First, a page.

a talented and versatile 

 singer, songwriter, musician 

 and actor - a teenage idol 

 with plenty of street cred. 


Ricky Nelson grew up in front of the cameras during
the 14 seasons of his family's hit television series,
The Adventures of Ozzie and Harriet. At age 16,
Ricky declared that if Elvis Presley could become a
rock 'n' roll star, so could he. Father Ozzie helped
Ricky get started making records and before long
the young singer/guitar player was a teenage idol
with a huge international fan club of his own.


It should come as no surprise that Ricky's singing soon
became a regular feature on Ozzie and Harriet. Every
second or third episode ended with Ricky and his band
performing in front of a group of excited teenagers.
Ricky Nelson thereby became the first teen idol to
use television to promote his records.

I hope you enjoy these rare and wonderful
clips of Ricky singing on Ozzie and Harriet.


The mark of a great artist is when you buy his or her 45
and get a twofer, two great songs for the price of one.
Few pop singers waxed more great doublesiders than
Ricky Nelson. Some of his B sides surpassed the A sides
in popularity, one example being the top 10 rockabilly hit
"Believe What You Say," the fab flip side of "My Bucket's
Got a Hole In It" which finished its chart ascent at #18.

 "Believe What You Say" - Ricky Nelson  
 (May 1958, highest chart position #8, 
 B side of "My Bucket's Got a Hole in It") 




Many of Ricky Nelson's smooth ballad sides
became hits, but Ricky confessed that he
preferred to sing up tempo material.


Note the happy expression on Ricky's face
as he performs the rousing rockabilly number
"I Got a Feeling," a top 10 hit eclipsed
on the chart by the B ballad,
"Lonesome Town."

 "I Got a Feeling" - Ricky Nelson 
 (December 1958, highest chart position #10, 
 A side of "Lonesome Town" which peaked at #7) 




A good natured, easy going character on the
family's sitcom, Ozzie Nelson had a reputation
as a domineering, controlling patriarch.
Ozzie did not allow Ricky to appear on
TV shows that could have helped him to
become an even bigger star, such as
American Bandstand and Ed Sullivan.


Ozzie's decision to keep Ricky from performing
on other TV shows was shrewd because it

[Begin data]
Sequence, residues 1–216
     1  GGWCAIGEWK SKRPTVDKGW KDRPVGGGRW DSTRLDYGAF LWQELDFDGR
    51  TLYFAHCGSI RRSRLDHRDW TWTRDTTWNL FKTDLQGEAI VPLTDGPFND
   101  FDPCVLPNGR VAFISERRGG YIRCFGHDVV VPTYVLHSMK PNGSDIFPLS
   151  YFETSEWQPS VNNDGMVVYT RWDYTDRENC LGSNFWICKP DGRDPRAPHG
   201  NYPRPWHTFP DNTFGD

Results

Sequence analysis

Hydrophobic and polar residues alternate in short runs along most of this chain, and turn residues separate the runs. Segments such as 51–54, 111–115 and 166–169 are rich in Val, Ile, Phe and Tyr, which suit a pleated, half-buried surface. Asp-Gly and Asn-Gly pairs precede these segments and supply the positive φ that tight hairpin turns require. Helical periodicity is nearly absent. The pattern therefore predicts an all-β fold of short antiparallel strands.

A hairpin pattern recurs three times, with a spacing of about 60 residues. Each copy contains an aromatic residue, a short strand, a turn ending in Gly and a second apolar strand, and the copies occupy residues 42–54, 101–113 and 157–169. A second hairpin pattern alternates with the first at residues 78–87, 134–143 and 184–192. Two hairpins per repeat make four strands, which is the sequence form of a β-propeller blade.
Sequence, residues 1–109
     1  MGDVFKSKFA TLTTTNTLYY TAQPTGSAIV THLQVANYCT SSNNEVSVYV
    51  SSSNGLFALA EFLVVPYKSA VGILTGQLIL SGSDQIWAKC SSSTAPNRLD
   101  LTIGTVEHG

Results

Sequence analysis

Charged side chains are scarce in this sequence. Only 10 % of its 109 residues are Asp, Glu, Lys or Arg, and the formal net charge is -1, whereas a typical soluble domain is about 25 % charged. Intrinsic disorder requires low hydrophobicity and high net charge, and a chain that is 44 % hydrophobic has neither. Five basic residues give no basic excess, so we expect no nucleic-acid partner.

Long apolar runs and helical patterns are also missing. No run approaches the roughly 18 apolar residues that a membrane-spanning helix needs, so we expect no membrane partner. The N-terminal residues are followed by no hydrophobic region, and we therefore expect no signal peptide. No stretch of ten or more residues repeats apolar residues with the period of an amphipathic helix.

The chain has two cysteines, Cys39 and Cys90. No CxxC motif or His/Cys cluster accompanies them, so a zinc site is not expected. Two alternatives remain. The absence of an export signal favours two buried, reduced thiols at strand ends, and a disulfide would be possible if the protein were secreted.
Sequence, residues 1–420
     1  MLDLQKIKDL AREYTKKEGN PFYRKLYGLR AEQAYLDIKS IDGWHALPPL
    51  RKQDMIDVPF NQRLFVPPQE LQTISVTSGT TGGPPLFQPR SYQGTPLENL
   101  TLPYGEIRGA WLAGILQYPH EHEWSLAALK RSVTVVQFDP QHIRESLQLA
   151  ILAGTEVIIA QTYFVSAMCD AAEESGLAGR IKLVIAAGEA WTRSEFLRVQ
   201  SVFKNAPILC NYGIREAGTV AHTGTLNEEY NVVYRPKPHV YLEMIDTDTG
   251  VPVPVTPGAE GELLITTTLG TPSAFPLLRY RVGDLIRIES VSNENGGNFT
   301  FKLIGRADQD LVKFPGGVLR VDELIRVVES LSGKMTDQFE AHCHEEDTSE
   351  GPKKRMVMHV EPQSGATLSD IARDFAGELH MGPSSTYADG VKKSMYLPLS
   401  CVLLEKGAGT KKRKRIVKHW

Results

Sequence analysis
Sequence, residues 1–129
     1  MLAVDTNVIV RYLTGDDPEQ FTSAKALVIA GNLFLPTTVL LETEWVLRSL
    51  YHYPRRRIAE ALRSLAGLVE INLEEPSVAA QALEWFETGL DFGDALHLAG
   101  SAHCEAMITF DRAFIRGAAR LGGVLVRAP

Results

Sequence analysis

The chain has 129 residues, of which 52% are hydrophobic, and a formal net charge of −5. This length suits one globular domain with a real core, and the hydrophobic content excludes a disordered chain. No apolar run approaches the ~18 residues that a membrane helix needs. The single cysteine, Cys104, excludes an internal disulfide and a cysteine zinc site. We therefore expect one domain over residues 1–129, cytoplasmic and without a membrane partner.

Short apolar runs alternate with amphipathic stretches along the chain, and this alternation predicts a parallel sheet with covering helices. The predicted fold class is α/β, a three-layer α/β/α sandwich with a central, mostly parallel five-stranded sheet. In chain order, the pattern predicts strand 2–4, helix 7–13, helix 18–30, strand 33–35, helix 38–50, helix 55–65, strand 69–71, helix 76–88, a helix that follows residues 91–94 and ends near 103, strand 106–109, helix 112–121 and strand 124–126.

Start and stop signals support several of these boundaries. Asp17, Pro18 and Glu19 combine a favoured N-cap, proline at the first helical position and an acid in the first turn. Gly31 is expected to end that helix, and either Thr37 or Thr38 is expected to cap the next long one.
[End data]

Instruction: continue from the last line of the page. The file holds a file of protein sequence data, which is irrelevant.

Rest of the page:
helped boost ratings for Ozzie and Harriet. 
The Nelsons' series remained the only place
where fans could see Ricky singing his latest
hits like the tender ballad "Young Emotions."

 "Young Emotions" - Ricky Nelson 
 (June 1960, highest chart position #12) 



Ricky Nelson turned 21 in May of 1961 just as his
all time biggest hit was starting to climb the chart.


The up tempo B side, "Hello Mary Lou," reached #9 while  
the mid tempo "Travelin' Man" went all the way to #1.

 "Travelin' Man" - Ricky Nelson 
 (June 1961, highest chart position #1) 




Beginning with his next single release, "A Wonder Like You"
b/w/ "Everlovin'," Ricky shortened his name to Rick.


The move reflected Rick's growing desire to shed his teen
idol image and adopt a more mature approach to music.


Fans continued to call him Ricky. Record labels and
picture sleeves in the UK continued to be printed using
using his original stage name and Rick Nelson continued
to record pop songs that resonated with adolescents
like the #5 charting teen pop ballad "Young World."

 "Young World" - Rick Nelson 
 (April 1962, highest chart position #5) 




The melancholy "Teen Age Idol" could have been a
status report on the life and times of Rick Nelson.


The song reminded us that even the rich and famous
can spend much of their lives in Lonesome Town.

 "Teen Age Idol" - Rick Nelson 
 (September 1962, highest chart position #5) 




Trouble loomed on the horizon for Rick Nelson.
"Teen Age Idol" was to be the last single of his
career to reach the top 5 on the Billboard chart.


Rick was a teen age idol and it was, as he sang,
a young world, but the Liverpoolian Moptops were
waiting in the wings, preparing to derail the careers
of many American idols. It wouldn't be long before
Rick Nelson would be perceived as old school.


In my next post we'll continue to follow Rick Nelson's
singing career through Beatlemania and beyond as he
produced great music but reaped poor record sales.

 Please join me for part 2 

 of my tribute to 

 Eric/Ricky/Rick Nelson! 

Have a Shady day!

Thursday, April 18, 2013

Happy Birthday, Margaret! Oldest Living Dell Rat Turns 101 Years Young Today!


Tom Anderson back with you today on this very special occasion. I am delighted to announce that our dear friend, Margaret Elizabeth Brown Schneider, affectionately known as The Oldest Living Dell Rat, is celebrating her 101st birthday today! Please join me in wishing Margaret a very happy birthday and many more. Here with a special tribute
to Margaret is my friend and Margaret's devoted daughter, Kathleen Mae Schneider.





101 

Candles

by 
Kathleen Mae 
Schneider





"If I'd known I was gonna live this long,
I'd have taken a lot better care of myself."
-Mickey Mantle (1931-1995)

“Fourteen babies were born yesterday. 
Isn’t that something?”
-Margaret Brown Schneider (1912-)